This year, OpenAI said access to AP’s “archive of high-quality, fact-based text” would enhance the capabilities of its artificial intelligence systems. But his blog this week downplayed the content of AI learning news, arguing that large language models learn from “vast amounts of human knowledge” and that “any single data source, including The New York Times, is irrelevant to expected learning model.”


Much of the AI ​​industry’s argument relies on the “fair use” doctrine of U.S. copyright law, which allows limited use of copyrighted material for teaching, research, or transforming the protected work into something else.

In response, the legal team representing The New York Times wrote on Tuesday that what OpenAI and Microsoft are doing “does not constitute fair use under any circumstances” because they are using the newspaper’s investment in its journalism “to create substitute products without permissions or payment.”

So far, courts have largely sided with tech companies when interpreting how copyright laws should treat artificial intelligence systems. Last year, a federal judge in San Francisco threw out most of the first major lawsuit against AI image generators, a defeat for visual artists. Another California judge rejected comedian Sarah Silverman’s arguments that Facebook’s parent company Meta infringed on her autobiography to create its artificial intelligence model.

Later lawsuits provided more detailed evidence of the alleged harm, but Aggarwal said that when it comes to using copyrighted content to train artificial intelligence systems that offer “a small portion of that content to users,” courts “appear to be reluctant consider it.” copyright infringement.”

Technology companies are citing Google’s success in defeating lawsuits against its digital book library as a precedent. In 2016, the U.S. Supreme Court upheld a lower court’s ruling that rejected the authors’ argument that Google’s digitization of millions of books and public display of portions of them constituted copyright infringement.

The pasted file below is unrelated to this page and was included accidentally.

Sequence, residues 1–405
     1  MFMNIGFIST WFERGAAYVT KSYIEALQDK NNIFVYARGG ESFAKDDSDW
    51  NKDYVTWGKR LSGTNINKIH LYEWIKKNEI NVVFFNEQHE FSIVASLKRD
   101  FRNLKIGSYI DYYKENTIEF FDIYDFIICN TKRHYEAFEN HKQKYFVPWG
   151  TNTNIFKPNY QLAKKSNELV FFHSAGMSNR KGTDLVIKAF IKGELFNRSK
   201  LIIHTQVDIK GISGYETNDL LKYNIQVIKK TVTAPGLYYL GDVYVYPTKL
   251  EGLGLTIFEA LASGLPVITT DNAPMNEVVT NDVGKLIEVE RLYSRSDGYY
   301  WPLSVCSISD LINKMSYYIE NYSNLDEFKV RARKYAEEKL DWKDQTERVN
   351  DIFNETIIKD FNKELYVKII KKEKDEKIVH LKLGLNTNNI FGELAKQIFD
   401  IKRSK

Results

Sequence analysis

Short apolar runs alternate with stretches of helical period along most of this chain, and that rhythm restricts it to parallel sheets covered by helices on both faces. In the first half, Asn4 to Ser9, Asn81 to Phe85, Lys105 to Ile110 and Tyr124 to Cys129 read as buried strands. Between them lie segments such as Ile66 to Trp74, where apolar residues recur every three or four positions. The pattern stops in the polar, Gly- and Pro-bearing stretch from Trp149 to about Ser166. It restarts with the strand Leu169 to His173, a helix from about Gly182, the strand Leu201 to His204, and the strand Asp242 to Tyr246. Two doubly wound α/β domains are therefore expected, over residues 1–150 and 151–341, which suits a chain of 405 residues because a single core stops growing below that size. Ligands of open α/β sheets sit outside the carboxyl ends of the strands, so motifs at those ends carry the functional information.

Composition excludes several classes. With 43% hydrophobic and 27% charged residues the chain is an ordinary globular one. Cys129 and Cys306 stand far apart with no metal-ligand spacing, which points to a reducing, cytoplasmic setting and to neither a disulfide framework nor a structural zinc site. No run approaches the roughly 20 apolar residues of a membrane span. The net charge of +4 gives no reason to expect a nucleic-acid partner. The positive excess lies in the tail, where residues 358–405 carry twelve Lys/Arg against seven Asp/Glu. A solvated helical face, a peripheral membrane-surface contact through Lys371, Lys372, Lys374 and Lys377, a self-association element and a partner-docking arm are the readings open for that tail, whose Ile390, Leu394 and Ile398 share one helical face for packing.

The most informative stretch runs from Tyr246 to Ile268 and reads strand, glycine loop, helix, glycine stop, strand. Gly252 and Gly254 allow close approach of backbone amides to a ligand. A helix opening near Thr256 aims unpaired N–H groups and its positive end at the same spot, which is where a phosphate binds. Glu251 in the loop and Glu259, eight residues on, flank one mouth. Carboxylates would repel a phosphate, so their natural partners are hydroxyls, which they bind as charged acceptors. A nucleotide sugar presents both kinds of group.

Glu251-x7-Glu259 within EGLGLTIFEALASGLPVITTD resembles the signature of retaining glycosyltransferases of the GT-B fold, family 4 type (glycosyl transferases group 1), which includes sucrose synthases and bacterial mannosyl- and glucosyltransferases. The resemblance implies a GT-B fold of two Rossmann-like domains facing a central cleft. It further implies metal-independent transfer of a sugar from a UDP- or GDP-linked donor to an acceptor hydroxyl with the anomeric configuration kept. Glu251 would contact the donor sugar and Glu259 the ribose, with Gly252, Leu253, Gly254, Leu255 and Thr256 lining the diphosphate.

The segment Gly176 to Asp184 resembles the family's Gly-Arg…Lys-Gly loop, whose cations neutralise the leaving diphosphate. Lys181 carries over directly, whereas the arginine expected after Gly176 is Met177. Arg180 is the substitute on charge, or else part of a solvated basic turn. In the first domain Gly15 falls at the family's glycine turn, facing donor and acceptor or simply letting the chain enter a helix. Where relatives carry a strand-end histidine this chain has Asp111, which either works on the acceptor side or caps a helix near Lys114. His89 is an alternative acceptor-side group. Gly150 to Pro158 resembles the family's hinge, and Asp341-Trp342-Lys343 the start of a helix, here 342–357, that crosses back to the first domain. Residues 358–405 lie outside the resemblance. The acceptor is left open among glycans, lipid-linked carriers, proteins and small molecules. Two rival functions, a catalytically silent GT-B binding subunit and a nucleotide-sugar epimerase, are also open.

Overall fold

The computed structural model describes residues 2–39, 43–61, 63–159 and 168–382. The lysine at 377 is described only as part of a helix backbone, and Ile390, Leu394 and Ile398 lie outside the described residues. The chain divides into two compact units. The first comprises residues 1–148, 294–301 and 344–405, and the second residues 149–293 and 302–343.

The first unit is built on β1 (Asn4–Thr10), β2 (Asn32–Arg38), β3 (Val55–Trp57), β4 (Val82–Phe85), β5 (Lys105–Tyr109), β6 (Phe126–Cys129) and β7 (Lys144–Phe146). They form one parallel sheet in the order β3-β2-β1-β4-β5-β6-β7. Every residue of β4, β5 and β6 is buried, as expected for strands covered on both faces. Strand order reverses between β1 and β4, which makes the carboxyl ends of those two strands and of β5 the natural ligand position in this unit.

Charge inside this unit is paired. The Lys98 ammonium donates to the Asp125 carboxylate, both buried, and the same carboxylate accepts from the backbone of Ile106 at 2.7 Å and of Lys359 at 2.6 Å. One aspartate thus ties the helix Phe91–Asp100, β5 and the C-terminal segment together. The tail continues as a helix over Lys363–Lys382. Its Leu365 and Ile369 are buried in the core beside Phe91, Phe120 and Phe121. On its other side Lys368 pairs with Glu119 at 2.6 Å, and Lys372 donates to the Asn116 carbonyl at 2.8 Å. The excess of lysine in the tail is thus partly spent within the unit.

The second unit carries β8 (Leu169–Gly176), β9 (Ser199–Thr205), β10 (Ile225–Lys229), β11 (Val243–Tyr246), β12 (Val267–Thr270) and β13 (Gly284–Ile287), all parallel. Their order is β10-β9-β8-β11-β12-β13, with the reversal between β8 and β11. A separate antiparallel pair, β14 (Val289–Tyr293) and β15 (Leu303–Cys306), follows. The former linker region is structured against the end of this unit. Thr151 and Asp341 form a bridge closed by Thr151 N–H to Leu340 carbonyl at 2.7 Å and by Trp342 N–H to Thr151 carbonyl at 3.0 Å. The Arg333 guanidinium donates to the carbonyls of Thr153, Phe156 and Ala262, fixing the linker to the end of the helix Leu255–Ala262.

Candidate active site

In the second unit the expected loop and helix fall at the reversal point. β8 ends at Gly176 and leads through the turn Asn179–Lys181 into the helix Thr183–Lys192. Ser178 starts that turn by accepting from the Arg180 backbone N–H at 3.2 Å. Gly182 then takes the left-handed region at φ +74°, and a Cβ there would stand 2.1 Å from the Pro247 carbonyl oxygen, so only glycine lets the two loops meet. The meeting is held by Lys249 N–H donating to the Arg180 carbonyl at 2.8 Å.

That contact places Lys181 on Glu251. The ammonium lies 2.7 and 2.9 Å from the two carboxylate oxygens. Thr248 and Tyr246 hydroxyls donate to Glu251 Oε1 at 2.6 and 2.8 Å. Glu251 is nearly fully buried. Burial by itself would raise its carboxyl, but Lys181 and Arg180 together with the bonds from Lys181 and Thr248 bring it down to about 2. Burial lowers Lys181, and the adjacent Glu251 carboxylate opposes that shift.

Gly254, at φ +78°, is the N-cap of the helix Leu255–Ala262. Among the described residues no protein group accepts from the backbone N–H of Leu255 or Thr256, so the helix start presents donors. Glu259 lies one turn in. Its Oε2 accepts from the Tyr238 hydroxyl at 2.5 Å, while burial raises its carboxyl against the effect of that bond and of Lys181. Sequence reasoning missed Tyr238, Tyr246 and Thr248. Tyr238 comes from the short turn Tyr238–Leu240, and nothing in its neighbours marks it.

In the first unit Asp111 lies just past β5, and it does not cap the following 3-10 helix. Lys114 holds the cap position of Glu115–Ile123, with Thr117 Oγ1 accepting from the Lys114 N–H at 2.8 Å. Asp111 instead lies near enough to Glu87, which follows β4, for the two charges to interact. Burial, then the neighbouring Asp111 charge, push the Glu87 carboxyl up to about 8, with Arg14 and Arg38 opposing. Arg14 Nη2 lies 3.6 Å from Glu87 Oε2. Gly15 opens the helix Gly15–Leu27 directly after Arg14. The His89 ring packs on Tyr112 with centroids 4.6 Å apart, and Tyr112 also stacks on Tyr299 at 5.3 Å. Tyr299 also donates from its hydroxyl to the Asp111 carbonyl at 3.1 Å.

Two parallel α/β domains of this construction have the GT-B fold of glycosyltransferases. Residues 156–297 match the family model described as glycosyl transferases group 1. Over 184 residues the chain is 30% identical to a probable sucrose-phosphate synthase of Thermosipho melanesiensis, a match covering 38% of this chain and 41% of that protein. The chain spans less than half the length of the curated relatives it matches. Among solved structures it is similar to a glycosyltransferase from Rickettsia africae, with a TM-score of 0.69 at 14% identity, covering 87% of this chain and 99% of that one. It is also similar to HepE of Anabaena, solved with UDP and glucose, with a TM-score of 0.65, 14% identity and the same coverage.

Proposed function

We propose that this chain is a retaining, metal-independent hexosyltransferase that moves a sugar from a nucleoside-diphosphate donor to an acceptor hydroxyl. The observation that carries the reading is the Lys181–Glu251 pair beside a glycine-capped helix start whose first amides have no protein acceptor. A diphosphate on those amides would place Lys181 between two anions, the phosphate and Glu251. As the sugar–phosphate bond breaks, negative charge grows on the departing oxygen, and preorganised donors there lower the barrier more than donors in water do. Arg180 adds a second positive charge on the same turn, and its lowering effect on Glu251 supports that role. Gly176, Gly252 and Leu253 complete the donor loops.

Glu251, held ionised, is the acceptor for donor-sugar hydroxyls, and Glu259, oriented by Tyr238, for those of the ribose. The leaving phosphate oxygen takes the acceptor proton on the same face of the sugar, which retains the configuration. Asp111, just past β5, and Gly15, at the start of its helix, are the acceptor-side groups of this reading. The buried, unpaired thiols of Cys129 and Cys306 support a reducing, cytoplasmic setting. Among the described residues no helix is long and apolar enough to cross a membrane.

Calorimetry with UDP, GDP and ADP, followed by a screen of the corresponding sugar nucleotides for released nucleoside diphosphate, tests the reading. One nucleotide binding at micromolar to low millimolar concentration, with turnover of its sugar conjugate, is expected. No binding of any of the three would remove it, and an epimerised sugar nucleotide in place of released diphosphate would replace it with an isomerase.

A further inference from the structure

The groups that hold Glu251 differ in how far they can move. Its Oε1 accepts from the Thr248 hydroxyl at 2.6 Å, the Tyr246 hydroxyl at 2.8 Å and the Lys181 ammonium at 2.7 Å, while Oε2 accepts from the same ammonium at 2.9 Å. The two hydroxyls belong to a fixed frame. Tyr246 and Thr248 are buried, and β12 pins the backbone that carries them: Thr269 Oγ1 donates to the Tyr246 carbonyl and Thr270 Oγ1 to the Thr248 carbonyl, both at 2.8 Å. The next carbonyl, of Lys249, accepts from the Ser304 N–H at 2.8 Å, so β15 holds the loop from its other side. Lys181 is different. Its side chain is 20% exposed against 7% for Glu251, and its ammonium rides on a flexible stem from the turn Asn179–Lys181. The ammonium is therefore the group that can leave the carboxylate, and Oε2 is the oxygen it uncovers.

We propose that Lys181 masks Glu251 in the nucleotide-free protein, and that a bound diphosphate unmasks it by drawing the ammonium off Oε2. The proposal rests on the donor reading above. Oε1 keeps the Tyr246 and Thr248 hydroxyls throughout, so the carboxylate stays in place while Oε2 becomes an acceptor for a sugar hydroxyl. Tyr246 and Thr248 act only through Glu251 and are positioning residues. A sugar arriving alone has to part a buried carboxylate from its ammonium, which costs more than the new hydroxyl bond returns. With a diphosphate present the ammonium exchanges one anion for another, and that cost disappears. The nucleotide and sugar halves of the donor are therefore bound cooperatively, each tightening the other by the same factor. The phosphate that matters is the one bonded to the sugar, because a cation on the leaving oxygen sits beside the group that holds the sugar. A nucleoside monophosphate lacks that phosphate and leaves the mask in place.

But judges interpret fair use arguments on a case-by-case basis and are “really very much fact-driven” based on economic impact and other factors, said Katie Wolfe, a principal at the Dutch firm Wolters Kluwer, which also sits on the Court’s Board of Review Center Copyright Office, which helps negotiate licenses for print and digital media in the United States.

“Just because something is free on the Internet, on a website, doesn’t mean you can copy it and email it, much less use it to run a commercial business,” Wolfe said. “Who will win? I don’t know, but I’m definitely in favor of copyright protection for everyone. “It encourages innovation.”


Some media outlets and other content creators are going beyond the courts, calling on lawmakers or the US Library of Congress Copyright Office to strengthen copyright protection in the age of artificial intelligence. On Wednesday, a panel of the US Senate Judiciary Committee will hear testimony from media executives and lawyers at a hearing on the impact of AI on journalism.

Roger Lynch, CEO of the Conde Nast magazine chain, plans to tell senators that generative artificial intelligence companies are “using our stolen intellectual property to create replacement tools.”

“We believe the legislative solution may be simple: clarify that use of copyrighted content in connection with commercial generative artificial intelligence is not fair use and requires permission,” Lynch said in a copy of prepared statements.